The Unknown Truth Between Alcohol and Breast Cancer
Alcohol, no matter how it fuels fun nights out with friends, has plenty of risks. Getting intoxicated can lead not just to sticky situations, but regular intake of alcohol can also increase your risk of cancer.
It’s not just excessive drinking that you have to be careful of, though. Even light to moderate drinking (around one drink a day for women) can increase your risk for cancer.
What studies are saying on alcohol and breast cancer
This finding stems from two studies done in the United States on over 100,000 participants. While alcohol intake has been found to be associated with a number of cancers, the link is clearest with breast cancer.
The message is very simple: alcohol and breast cancer have a connection. That said, if you regularly drink, you’re upping your chances of developing the condition in the future. This claim can be misleading though, so to sort things out, here are a few things you might want to keep in mind:
-There is plenty of evidence suggesting that alcohol increases the chances of breast cancer.
-Drinking alcohol does not mean you will develop breast cancer right away. It only means that your chances of developing it are higher.
-How much you drink over time is what increases this said risk.
How does alcohol cause breast cancer anyway?
Like many other breast cancer risk factors, researchers have yet to pinpoint the exact connection and role that alcohol plays in the development of the disease. However, there are many plausible reasons as to how it can contribute to the disease:
Alcohol and estrogen
One of this is that alcohol consumption can increase the amount of estrogen in the bloodstream. Estrogen is the female hormone which is known to stimulate the growth of estrogen responsive tumors and breast cancer cells. One research done on the link between alcohol and estrogen showed that women who drank two alcoholic beverages on a daily basis had higher levels of estrogen in their bodies than those who did not drink at all.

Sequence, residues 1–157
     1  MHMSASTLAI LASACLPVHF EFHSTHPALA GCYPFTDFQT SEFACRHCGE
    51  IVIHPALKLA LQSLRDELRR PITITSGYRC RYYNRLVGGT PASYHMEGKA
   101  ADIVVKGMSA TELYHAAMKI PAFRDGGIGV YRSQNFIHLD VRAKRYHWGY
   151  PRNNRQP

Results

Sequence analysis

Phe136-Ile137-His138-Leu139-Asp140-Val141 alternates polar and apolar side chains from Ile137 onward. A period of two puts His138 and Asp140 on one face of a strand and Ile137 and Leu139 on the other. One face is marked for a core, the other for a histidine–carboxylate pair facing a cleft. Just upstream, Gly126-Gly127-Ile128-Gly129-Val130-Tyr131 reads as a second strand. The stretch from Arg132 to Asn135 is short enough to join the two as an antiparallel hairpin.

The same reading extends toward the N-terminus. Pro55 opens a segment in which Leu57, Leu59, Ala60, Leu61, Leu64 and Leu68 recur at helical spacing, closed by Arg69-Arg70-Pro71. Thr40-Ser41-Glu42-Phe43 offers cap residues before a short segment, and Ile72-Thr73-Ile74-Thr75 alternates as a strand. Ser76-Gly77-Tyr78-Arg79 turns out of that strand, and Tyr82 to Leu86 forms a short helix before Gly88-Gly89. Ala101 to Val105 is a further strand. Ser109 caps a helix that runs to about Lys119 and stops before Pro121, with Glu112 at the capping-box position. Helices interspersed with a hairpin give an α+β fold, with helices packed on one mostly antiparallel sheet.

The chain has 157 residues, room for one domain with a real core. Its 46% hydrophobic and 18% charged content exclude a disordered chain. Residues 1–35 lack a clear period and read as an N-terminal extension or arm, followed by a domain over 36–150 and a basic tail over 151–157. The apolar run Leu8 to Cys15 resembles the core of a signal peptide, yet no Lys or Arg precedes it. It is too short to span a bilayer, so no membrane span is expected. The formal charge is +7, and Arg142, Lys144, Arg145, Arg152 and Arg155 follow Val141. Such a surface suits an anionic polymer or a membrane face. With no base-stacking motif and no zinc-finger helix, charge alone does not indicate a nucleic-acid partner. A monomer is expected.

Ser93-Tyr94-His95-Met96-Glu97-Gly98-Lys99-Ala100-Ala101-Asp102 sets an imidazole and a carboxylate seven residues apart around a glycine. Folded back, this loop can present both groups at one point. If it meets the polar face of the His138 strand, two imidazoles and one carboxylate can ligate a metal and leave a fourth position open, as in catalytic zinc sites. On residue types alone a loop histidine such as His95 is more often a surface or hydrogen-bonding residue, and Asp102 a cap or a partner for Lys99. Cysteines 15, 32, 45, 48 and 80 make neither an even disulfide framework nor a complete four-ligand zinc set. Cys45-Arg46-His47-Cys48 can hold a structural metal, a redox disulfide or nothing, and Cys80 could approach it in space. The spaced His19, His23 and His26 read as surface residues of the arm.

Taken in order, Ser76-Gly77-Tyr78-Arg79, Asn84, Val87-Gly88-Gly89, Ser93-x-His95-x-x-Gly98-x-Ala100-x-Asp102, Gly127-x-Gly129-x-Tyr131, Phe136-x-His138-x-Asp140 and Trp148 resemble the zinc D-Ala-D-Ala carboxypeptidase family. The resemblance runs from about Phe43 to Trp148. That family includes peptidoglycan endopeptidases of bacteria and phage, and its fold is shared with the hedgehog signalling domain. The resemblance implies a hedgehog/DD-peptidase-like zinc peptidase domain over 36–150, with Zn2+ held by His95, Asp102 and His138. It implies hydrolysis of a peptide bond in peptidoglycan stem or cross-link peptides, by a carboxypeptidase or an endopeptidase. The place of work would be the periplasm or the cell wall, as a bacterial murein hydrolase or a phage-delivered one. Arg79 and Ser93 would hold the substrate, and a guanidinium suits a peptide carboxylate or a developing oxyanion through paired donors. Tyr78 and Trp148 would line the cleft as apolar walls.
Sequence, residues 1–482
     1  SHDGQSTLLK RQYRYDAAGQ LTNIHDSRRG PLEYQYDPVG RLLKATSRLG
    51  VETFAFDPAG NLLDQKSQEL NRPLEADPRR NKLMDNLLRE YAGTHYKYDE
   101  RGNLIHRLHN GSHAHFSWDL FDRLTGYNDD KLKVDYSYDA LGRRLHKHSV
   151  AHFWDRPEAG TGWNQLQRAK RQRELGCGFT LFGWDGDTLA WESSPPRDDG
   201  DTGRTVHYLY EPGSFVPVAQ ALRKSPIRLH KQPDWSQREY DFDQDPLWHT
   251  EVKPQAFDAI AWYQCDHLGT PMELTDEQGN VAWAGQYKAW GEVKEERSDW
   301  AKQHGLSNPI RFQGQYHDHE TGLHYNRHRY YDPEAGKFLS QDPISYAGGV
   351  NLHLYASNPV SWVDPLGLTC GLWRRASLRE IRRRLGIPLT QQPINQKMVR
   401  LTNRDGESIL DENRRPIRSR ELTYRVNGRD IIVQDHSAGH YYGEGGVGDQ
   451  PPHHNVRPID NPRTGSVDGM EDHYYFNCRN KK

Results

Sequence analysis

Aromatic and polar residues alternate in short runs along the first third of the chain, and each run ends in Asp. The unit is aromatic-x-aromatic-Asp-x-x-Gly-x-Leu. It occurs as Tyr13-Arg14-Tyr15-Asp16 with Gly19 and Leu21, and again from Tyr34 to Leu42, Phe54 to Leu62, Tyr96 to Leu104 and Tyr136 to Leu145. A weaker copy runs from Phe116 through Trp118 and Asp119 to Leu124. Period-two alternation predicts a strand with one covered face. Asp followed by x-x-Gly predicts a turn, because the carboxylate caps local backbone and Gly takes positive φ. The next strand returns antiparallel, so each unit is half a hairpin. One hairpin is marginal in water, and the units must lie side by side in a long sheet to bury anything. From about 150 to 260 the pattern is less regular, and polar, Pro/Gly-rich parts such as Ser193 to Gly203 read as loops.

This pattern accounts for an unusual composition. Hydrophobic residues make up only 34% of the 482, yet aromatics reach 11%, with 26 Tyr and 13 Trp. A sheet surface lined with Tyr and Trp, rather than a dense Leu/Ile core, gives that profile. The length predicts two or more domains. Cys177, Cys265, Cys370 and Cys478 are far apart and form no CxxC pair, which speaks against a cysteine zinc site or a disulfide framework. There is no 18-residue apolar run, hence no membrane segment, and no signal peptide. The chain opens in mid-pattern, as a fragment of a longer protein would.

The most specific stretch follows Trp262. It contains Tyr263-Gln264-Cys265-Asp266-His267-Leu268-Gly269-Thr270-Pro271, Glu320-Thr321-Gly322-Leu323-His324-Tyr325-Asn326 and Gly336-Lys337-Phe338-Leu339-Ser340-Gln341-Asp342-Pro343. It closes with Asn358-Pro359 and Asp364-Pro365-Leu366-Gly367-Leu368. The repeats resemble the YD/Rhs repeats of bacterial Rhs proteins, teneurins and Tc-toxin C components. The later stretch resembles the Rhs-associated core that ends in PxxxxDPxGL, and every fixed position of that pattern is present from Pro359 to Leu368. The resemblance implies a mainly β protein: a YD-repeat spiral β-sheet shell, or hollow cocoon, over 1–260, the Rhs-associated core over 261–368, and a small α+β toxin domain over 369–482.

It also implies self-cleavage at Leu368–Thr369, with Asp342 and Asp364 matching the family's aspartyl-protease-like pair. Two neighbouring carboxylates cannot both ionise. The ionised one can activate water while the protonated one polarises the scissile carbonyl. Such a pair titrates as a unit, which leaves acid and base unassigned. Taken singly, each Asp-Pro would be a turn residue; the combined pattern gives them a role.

Alcohol and DNA damage
Aside from encouraging more estrogen in the body, another link between alcohol and breast cancer is that the substance has a naturally harmful effect on our DNA. Apparently, the substance produces a byproduct called acetaldehyde, which has been seen to damage DNA. This then triggers a response associated with the growth of breast cancer. To add to that, alcohol intake also depletes levels of folate, which is a vitamin that enhances the body’s ability to repair DNA.
What if I drink from time to time?
Given these findings, it makes sense to entirely cut down on alcohol. But what if you like to drink from time to time? Or what about these other studies saying that drinking wine on a regular basis can lower the risk of heart disease?
If you drink from time to time, the advice is – don’t panic. In the overall scheme of things, alcohol contributes to about 4% overall risk for breast cancer, so the risk – while still there – is very minimal. It’s fine to drink, but within limits. By keeping your drinking to a sensible limit, you limit your chances of harming yourself. However, if you find yourself consuming a lot on a regular basis, then that’s the time you have to rethink the way you drink.